May Reading List – I Still Haven’t Read Lonesome Dove…

This is the monthly reading list I send out to email subscribers. If you like what you see, you can subscribe here or through one of the banners on this site. 

Thanks for reading, 

— Charlie

Spring is here, and I’m blogging again. My goal is one post per week, and so far I’m on track. My self-imposed deadline is on Friday. It’s a nice way to unwind with some thought-for-the-day writing for myself. I spend my work week writing to help my clients‘ websites stand out–it feels good to do the same for my own site.

In April, I wrote about:
Writing rough drafts by hand
Net 30 payments
and Writing tips from Sex and the City

I know I said I was gonna take on Lonesome Dove next, but I’ve decided to make it a summer read after going on a Hemingway tear inspired by the new Ken Burns and Lynn Novick documentary. So far, I’ve only seen the first episode–he’s just become a literary success and hasn’t transformed into Hemingway the caricature yet. Looking forward to the next two parts.

In this month’s reading list, I also have a book on how to have good ideas on a regular basis, a punctuation guide that will make you laugh out loud, and Hemingway’s burger recipe.

Light Years by James Salter – I don’t know how I made it this far as a student of American literature without encountering James Salter. He’s been called the author who “freezes time” and has a reputation for writing the best sex scenes in American letters.

A Farewell to Arms (the Hemingway Library Edition)  by Ernest Hemingway – I’m rereading this one for the first time since college. This new edition includes all 47 alternative endings, complete with strikethrough and markups by the author.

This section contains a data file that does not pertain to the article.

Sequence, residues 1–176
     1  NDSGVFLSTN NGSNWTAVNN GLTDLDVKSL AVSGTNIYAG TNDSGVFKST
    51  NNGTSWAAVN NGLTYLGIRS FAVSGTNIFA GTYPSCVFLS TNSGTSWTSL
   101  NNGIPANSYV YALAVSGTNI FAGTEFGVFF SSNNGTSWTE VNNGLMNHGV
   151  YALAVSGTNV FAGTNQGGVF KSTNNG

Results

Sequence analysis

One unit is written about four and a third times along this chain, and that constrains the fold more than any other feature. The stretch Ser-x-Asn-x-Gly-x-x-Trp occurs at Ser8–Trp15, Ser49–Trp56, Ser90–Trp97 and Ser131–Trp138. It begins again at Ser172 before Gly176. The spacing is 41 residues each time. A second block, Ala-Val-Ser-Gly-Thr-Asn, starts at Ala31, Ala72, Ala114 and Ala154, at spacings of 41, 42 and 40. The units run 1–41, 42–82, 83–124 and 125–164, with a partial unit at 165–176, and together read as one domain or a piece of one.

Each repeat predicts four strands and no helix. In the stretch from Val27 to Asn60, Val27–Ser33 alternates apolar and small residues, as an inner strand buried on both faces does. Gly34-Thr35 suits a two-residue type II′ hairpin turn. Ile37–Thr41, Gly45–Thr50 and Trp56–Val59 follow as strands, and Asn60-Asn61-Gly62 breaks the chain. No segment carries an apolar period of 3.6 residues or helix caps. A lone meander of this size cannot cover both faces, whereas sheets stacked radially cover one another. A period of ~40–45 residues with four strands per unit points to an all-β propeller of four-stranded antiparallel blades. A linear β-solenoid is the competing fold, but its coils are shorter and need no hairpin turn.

The Complete Short Stories of Ernest Hemingway – As I watch the PBS documentary, I’m revisiting some of my favorites: “Big Two-hearted River,” “Hills like White Elephants,” “Indian Camp,” and “The Snows of Kilimanjaro.”

Hemingway on Writing

Hemingway’s burger recipe

One True Podcast – a podcast by the Hemingway Society.

Eats, Shoots & Leaves – A guide to punctuation that’s as funny as it is useful.

A Technique for Producing Ideas by James Webb Young – A book about the process of coming up with good ideas on command, written by a 1930s adman. This slim volume popularized the practice of walking away from a problem to let your unconscious mind solve it.

I was recently gifted a subscription to Monocle by my buddy Dan.

Subscribe to The Hustle if you haven’t already.

Matt Ruby on the freedom of low overhead and other life lessons.

Time, Tarkovsky, and the Pandemic.”

Five (very) short stories by Lydia Davis.

How climate change impacts Japanese poetry.

Don’t be a cog.

Some history of the origin of keyboard layouts from The AtlanticWikipediaForbes, and the Smithsonian.

These videos from Vooza are hilarious.